To work effectively with millennials, managers must acknowledge emotions as a vital and legitimate component of leading and communicating with their younger employees, rather than merely regulating them.
Are you having a difficult time at work? It’s time to take a coffee break! As a baby boomer, I recall that when someone became emotional at IBM, we would have a coffee break to allow folks to cool down before returning to the topic at hand. Emotional outbursts were frowned upon. Sergeant Friday’s statement from Dragnet, “Just the facts, ma’am, just the facts,” may ring familiar to older readers. The most successful strategy for coping with difficulties was a rational, emotionally detached attitude. By a long shot, facts trumped emotions. Emotions have become considerably more crucial to the workplace in the ensuing years. Facts and feelings are practically equal in the eyes of millennials. That is what we teach in university these days, which has been for a long time. As a result, we must also manage differently.
Leaders now, perhaps more than in the past, are seen as having the ability to inspire people and assist them in carrying out a strategy or innovation. While presenting at Karl’s MBA CEO Insights class, Mike Roach, the CEO of CGI, a worldwide IT outsourcer, delivered one of his favorite quotes: “Strategy without execution is an illusion.”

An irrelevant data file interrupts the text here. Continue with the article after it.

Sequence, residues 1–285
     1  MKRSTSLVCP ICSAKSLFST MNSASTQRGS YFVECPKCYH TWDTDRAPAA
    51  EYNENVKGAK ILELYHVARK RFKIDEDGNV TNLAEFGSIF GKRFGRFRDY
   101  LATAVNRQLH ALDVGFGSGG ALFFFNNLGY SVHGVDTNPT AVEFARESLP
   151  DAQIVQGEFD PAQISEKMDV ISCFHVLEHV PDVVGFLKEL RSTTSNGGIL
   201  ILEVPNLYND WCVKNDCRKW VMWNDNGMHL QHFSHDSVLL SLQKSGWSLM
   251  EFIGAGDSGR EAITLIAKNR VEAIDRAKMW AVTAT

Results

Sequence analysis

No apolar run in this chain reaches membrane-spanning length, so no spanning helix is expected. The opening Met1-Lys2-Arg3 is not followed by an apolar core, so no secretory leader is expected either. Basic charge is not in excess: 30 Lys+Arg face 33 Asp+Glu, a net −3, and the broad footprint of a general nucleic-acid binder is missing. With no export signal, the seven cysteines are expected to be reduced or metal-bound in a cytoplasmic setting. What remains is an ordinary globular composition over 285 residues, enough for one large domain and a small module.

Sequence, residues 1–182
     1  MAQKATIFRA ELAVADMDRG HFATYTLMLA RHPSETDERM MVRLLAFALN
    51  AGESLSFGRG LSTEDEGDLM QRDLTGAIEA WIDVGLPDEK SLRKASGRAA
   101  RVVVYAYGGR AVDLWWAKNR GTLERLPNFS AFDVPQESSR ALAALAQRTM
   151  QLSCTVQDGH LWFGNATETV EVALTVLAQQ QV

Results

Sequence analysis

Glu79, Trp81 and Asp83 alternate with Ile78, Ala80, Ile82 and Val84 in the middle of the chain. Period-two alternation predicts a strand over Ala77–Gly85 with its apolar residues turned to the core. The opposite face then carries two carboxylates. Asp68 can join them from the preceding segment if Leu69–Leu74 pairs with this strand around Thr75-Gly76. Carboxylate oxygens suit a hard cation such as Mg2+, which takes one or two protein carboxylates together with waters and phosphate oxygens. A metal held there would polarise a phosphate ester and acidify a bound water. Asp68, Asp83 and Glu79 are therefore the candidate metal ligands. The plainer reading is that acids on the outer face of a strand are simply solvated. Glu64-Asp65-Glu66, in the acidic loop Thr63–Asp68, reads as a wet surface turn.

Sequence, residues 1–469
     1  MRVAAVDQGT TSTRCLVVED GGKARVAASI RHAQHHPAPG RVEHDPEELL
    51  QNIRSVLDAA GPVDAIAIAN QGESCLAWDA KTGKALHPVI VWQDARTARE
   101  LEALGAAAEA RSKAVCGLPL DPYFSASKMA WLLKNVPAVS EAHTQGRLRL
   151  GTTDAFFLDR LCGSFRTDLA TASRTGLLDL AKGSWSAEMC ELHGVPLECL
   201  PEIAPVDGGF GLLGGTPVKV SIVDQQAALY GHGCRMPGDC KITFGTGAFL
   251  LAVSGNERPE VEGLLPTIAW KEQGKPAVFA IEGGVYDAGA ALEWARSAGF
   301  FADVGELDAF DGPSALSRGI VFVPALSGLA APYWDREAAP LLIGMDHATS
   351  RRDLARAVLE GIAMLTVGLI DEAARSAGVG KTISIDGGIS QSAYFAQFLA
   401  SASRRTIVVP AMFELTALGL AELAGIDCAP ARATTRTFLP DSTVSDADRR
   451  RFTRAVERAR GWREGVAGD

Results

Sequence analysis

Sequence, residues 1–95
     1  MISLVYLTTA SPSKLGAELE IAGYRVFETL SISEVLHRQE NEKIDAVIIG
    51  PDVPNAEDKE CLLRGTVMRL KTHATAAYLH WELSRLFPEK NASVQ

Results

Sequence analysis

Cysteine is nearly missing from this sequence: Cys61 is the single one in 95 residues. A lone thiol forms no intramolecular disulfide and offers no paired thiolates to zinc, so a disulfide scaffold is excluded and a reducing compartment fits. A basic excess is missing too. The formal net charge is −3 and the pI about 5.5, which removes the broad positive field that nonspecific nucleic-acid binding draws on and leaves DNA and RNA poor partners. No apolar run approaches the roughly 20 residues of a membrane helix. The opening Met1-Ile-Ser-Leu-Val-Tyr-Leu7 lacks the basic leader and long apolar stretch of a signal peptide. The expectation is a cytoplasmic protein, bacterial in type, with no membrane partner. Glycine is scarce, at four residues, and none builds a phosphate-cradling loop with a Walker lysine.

In today’s society, one of the most important aspects of leadership is the ability to make a concept or vision a reality. Emotions are crucial for millennials in presenting that vision to the rest of us.
This gentle approach, which places a significant emphasis on emotions, isn’t new. According to military history, soldiers have always been willing to die for their colleagues, superiors, and even their country’s interests and societal values. Extreme bonding took place, bringing fighting units together in battle. In one of the most difficult work environments, if we can call it that, there was an outpouring of emotion. In the film Braveheart, a notable sequence demonstrates the value of emotion in this setting. Mel Gibson’s character, William Wallace, a commoner, unites the Scots in their endeavor to topple the English ruling class in the thirteenth century. Gibson offers a stirring speech, his face wrapped in blue war paint, motivating his followers to fight. While many troops know they may die, the scene’s emotion lends the weight to their deaths and draws the spectator in.
Emotion is important to millennials. They are taught a Postmodern worldview in high school and university, which places cognition and feeling on a roughly equal footing. They don’t rely on or interpret data only based on rational reasoning. Postmodern architecture, for example, represents the acceptance of the emotion. Architects “create buildings that reflect how people feel.” A company’s facility will most likely be open and airy, with many windows and social spaces, if it wants to create a casual, friendly vibe. Employees’ demands are meticulously catered to in the workplace.